LANSING — The Michigan Supreme Court ruled Tuesday that medical marijuana users aren’t automatically breaking the law if they’re caught driving after using the drug.
The court unanimously overturned an appeals court decision in the case of a Grand Traverse County man, Rodney Koon. He was stopped in 2010 for speeding — going nearly 30 mph over the limit.
Koon admitted having smoked medical marijuana earlier, and a blood test revealed the drug in his system.
It’s illegal for Michigan drivers to consume marijuana. But the state high court said medical marijuana users have some protection. The court says police must show that a driver actually was “under the influence” of marijuana for a charge to stick.
Michigan voters approved medical use of marijuana in 2008.
The medical marijuana law “shields registered patients from prosecution for the internal possession of marijuana,” the judges said.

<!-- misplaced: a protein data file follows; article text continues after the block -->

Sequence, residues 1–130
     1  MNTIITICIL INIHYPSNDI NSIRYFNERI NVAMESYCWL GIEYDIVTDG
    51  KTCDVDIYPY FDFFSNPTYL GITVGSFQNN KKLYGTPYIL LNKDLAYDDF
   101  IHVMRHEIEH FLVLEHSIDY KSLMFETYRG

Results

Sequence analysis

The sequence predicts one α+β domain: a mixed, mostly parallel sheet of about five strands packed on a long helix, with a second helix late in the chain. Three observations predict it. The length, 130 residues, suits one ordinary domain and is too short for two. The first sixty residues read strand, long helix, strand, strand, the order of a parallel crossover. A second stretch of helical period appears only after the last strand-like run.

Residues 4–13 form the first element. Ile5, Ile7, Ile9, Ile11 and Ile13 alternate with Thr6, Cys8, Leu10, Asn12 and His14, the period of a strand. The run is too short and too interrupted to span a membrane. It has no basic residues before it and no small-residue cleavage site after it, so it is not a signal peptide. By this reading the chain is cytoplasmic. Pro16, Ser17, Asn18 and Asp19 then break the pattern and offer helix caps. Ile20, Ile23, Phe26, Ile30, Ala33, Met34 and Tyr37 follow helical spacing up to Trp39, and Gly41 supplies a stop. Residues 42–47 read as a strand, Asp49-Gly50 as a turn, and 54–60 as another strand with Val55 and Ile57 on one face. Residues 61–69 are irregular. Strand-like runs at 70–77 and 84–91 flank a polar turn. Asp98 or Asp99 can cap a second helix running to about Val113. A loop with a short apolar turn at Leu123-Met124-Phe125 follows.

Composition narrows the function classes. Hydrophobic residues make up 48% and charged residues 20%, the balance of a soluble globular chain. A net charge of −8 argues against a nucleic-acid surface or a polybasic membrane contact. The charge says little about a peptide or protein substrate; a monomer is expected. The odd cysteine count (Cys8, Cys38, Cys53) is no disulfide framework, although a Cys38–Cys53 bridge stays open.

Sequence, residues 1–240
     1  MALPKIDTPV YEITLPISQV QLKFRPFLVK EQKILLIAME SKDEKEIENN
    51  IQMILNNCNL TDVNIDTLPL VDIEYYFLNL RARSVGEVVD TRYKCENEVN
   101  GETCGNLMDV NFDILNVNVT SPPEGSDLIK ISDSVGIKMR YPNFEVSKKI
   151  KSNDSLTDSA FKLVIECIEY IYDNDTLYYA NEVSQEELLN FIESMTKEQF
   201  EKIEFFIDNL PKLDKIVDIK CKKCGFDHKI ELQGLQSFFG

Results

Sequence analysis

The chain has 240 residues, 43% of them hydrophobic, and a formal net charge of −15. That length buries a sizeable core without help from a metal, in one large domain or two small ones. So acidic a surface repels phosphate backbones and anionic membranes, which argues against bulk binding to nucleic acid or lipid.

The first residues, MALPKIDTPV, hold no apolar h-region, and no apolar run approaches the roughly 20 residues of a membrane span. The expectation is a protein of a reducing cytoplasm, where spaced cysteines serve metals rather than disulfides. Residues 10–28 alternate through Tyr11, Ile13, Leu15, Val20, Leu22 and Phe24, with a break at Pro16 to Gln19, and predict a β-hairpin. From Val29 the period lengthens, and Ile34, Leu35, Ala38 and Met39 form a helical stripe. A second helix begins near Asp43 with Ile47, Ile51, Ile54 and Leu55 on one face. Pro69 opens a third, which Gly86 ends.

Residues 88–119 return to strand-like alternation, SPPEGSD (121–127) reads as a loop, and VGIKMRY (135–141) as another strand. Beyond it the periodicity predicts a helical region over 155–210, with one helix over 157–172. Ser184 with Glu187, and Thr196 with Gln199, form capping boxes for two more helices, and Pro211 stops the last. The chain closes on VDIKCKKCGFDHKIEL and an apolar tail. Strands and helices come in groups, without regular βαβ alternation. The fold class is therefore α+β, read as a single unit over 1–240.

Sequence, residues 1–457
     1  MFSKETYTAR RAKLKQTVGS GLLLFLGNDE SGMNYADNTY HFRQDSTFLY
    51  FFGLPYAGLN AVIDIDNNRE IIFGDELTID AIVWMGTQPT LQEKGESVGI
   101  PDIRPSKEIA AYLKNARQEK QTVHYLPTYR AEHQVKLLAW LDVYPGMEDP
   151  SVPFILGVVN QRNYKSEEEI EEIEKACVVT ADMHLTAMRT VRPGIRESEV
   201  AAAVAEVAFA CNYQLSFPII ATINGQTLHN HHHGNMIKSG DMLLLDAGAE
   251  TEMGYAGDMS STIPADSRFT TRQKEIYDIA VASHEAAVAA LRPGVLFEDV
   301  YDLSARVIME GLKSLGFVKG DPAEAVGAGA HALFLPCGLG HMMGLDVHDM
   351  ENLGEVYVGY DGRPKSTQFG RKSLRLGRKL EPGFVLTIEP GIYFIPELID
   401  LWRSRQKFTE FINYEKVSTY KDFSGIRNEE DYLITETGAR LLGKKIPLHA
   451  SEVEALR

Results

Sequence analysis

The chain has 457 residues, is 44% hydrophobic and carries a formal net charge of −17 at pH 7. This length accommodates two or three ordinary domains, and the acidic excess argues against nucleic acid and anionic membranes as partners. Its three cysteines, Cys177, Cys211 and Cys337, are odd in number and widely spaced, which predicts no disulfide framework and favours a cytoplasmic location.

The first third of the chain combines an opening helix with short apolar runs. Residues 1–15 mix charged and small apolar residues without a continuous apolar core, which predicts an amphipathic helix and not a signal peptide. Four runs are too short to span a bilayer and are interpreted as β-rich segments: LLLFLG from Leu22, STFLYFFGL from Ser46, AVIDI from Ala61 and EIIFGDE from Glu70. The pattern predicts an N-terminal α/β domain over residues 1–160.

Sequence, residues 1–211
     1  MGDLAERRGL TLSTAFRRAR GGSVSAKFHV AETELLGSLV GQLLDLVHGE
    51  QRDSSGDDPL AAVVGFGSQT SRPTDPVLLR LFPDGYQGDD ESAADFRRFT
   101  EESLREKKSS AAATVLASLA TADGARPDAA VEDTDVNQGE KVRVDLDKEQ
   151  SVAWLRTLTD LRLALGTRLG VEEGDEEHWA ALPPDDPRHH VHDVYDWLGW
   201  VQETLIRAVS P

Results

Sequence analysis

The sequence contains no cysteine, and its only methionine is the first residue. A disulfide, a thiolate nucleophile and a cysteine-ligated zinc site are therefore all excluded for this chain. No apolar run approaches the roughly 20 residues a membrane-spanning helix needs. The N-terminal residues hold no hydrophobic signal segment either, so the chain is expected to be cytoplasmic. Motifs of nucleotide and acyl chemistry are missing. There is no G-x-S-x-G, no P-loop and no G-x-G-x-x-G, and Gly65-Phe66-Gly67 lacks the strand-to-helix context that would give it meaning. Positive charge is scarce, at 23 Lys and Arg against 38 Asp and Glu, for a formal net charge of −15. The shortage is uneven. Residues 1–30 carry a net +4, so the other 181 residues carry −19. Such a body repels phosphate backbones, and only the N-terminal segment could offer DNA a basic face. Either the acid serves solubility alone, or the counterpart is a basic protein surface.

At the same time, the law prohibits driving “while under the influence of marijuana.” But it fails to specify what level of marijuana in the body constitutes being “under the influence,” the opinion said.
The court suggested lawmakers consider setting a marijuana limit, similar to a blood alcohol level.
“It goes almost without saying that the (medical marijuana law) is an imperfect statute, the interpretation of which has repeatedly required this Court’s intervention,” the justices said. “Indeed, this case could have been easily resolved if the (law) had provided a definition of ‘under the influence.’”